Evolution

Life Science (X) - Evolution (X) - Music (X)

The World's Largest Salamander | Songs for Unusual Creatures

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The Chinese Giant Salamander is the largest amphibian on the planet, reaching lengths of up to six feet. In this episode, join host Michael Hearts as he travels to the Los Angeles Zoo to meet a Chinese Giant Salamander, and then perform a song inspired by this unusual creature.

Hunting For Tardigrades! | Songs for Unusual Creatures

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Guess which animal can survive temperatures of 300 Fahrenheit, -400 degrees, and withstand 1000x more radiation than any other animal on the planet? The Honey Badger? Wrong! It's the tardigrade (aka water bear). In this episode, host Michael Hearst hunts for this microscopic creature in Virginia.

The Easter Bilby? | Songs For Unusual Creatures

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In Australia the bilby has become a popular alternative to the Easter Bunny. In this episode, we learn all about this unusual Australian marsupial. We'll also make bilby masks and jump around, because, why not?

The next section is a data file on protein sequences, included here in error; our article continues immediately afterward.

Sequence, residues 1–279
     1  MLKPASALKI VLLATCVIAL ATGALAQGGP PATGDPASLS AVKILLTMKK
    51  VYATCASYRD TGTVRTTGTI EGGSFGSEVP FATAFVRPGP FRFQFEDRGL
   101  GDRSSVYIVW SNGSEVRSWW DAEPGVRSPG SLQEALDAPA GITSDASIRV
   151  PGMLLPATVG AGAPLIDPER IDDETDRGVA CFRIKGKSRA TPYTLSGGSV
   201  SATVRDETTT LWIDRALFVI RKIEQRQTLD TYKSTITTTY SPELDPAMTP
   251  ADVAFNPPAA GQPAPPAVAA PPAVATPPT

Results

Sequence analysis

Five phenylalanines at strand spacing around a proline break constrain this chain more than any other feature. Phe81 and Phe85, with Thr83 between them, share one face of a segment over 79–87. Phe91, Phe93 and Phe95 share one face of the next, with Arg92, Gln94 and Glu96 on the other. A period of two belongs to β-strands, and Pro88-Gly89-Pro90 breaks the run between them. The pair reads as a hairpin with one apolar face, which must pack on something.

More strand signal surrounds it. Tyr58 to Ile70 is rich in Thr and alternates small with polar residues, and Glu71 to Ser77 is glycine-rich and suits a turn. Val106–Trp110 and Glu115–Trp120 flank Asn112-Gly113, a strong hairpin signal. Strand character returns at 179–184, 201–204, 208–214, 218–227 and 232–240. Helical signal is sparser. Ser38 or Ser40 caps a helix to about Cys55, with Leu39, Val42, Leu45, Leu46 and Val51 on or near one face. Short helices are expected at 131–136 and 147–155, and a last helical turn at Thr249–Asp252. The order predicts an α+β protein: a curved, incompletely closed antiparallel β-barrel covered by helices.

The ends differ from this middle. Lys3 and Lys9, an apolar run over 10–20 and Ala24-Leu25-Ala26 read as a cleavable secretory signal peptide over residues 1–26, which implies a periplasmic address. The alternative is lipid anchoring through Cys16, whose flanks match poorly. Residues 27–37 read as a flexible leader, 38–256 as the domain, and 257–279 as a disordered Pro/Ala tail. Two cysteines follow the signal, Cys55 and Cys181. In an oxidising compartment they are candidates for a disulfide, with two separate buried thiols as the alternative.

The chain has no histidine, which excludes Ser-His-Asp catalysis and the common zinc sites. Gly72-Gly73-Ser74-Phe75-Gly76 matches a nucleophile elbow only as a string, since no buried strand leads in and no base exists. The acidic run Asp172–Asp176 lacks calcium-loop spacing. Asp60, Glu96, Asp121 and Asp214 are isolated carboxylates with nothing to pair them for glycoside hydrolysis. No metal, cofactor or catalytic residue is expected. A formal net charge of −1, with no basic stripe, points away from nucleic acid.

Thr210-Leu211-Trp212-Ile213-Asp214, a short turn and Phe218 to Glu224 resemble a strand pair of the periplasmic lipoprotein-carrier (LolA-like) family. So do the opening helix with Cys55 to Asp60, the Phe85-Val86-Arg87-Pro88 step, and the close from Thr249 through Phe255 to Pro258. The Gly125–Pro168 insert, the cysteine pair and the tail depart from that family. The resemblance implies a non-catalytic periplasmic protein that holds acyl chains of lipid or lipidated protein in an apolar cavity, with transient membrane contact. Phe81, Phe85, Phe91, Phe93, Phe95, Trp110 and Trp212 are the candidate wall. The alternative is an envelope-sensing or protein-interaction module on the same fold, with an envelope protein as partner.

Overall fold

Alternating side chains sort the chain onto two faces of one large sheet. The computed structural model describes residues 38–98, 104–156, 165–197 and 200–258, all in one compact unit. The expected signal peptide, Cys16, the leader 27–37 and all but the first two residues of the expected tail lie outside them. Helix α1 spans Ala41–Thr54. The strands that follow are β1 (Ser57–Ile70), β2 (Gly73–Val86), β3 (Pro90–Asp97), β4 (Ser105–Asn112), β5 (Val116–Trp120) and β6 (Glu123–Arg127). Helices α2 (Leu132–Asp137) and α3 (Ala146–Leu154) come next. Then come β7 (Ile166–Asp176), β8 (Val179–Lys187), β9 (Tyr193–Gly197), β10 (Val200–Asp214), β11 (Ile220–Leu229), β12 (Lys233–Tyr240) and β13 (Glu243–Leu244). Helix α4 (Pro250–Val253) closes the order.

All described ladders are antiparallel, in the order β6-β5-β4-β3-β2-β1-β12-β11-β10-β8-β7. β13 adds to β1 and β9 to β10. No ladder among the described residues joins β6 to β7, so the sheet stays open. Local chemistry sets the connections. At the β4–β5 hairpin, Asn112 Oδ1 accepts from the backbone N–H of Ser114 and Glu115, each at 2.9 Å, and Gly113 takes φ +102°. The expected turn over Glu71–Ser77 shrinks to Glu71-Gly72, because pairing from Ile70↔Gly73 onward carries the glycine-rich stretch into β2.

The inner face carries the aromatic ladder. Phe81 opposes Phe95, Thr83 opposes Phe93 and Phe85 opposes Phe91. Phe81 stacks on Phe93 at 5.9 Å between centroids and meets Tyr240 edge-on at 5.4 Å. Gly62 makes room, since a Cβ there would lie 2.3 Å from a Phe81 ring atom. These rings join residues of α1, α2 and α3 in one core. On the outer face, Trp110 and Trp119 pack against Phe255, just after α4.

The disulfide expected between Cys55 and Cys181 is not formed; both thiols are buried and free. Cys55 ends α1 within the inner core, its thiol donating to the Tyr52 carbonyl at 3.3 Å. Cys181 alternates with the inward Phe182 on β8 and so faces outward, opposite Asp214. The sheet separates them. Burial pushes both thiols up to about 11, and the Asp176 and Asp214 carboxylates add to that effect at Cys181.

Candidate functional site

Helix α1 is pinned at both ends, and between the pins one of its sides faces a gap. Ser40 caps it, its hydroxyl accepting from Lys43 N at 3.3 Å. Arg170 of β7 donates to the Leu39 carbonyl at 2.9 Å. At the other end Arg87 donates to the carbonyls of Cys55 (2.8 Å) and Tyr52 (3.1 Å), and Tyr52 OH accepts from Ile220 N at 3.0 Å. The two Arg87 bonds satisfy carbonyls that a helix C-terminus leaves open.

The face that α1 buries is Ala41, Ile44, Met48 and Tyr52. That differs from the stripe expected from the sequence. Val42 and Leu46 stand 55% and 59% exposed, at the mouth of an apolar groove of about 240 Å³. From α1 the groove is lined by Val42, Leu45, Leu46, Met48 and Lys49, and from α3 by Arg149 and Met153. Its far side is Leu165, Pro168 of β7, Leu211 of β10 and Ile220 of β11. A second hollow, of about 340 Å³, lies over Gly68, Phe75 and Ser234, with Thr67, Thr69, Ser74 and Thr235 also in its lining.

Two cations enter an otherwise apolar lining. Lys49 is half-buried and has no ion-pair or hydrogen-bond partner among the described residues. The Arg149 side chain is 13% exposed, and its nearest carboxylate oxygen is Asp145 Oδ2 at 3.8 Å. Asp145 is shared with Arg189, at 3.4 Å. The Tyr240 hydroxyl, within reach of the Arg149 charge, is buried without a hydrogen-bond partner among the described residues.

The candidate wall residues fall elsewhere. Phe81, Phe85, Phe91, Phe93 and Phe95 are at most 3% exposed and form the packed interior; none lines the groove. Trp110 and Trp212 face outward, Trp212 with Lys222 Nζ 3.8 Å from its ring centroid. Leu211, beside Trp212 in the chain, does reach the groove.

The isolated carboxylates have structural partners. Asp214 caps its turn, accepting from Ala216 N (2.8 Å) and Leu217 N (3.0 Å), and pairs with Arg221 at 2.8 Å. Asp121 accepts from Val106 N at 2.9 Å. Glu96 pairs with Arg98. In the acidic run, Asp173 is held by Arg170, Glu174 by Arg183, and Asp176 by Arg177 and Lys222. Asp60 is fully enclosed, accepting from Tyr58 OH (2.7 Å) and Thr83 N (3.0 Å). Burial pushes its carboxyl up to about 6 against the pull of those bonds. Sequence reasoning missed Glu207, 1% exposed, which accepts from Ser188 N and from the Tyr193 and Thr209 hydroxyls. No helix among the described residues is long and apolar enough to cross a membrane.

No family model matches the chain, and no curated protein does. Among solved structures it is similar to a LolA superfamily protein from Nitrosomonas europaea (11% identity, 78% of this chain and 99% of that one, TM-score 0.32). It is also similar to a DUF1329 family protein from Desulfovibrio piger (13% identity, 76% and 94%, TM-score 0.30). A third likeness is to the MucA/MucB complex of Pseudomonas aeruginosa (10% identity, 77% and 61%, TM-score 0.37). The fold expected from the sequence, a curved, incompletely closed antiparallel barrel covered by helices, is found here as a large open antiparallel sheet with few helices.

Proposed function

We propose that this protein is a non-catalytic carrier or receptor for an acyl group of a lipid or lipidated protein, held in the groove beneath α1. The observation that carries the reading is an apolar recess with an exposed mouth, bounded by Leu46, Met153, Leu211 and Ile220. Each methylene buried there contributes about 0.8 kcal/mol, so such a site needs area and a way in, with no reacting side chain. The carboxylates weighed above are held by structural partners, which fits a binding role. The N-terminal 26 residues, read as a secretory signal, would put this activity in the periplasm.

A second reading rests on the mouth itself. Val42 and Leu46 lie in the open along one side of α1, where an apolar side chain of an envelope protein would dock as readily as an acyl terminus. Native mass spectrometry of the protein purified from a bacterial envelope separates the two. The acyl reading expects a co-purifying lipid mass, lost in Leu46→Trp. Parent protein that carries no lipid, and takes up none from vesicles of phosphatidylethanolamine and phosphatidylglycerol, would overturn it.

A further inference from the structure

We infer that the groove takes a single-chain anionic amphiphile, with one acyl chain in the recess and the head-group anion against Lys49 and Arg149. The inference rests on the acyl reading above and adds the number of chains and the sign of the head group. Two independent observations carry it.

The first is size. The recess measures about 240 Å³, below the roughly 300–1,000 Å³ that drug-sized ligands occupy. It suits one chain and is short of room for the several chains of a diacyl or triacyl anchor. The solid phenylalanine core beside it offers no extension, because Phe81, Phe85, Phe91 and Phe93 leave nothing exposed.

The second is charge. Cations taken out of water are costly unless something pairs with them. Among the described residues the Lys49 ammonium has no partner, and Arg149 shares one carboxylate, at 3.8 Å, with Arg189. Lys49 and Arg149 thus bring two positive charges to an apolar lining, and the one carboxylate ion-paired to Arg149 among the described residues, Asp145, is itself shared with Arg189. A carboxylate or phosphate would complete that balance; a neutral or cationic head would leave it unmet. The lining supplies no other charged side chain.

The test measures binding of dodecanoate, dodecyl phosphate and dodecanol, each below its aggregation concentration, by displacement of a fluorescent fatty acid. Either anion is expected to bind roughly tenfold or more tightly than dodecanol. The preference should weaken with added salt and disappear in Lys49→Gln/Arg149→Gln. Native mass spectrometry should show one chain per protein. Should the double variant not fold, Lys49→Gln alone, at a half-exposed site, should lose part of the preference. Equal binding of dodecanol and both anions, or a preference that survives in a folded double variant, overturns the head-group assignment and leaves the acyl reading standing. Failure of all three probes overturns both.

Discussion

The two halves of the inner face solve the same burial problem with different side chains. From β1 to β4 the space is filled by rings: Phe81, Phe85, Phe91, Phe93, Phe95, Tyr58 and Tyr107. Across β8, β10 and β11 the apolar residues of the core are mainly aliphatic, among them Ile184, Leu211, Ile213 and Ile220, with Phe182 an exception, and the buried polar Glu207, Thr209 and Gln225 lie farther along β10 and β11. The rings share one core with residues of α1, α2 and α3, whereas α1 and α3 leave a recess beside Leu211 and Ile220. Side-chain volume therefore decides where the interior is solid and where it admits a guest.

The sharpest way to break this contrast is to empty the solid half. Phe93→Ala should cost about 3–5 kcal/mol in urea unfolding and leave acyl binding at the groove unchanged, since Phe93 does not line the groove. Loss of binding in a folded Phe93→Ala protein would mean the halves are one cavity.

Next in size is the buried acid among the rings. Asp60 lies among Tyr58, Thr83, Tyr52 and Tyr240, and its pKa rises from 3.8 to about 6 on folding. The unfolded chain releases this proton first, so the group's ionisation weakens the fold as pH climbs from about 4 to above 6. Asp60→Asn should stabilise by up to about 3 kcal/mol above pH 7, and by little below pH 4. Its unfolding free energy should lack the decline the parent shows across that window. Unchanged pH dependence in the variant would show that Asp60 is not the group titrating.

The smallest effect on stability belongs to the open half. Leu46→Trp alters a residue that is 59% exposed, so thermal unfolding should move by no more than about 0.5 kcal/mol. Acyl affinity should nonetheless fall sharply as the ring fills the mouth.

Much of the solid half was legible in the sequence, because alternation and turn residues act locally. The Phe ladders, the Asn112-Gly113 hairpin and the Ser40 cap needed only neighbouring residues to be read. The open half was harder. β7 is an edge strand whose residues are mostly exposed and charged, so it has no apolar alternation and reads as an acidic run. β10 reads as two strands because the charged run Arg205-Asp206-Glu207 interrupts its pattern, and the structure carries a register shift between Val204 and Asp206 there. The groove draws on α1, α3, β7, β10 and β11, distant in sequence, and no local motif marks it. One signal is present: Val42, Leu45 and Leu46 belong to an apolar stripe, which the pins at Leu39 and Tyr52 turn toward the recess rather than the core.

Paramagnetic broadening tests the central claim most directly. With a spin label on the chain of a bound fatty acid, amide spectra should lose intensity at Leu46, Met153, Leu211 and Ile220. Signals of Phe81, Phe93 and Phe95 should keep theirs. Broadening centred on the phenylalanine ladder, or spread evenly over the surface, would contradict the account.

The Evolutionary Advantages of Art | Braincraft

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I sit down with The Art Assignment host Sarah Urist Green to chat about science, art, and evolution. The evolutionary pathway that led us to be the apex predator on this planet also resulted in some pretty cool skills.

Why Music Moves Us | It's Okay to Be Smart

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Why does music make us feel happy or sad? Or angry or romantic? How can simple sound waves cause so much emotion? Joe Hanson, host of It's Okay to Be Smart, went from his comfy chair to the streets of Austin to investigate how it might be written into our neuroscience and evolution. Modern neuroscience says our brains may be wired to pick certain emotions out of music because they remind us of how people move!

Humans are the only species we know that creates and communicate using music, but it's still unclear how or why we do that, brain-wise. Is it just a lucky side effect of evolution, like Steven Pinker says? Or is it a deeper part of our evolutionary history, as people like Mark Changizi and Daniel Levitin argue?

New evolutionary science says that we may read emotion in music because it relates to how we sense emotion in people's movements. We'll take a trip from Austin to Dartmouth to Cambodia to hear why music makes us feel so many feels.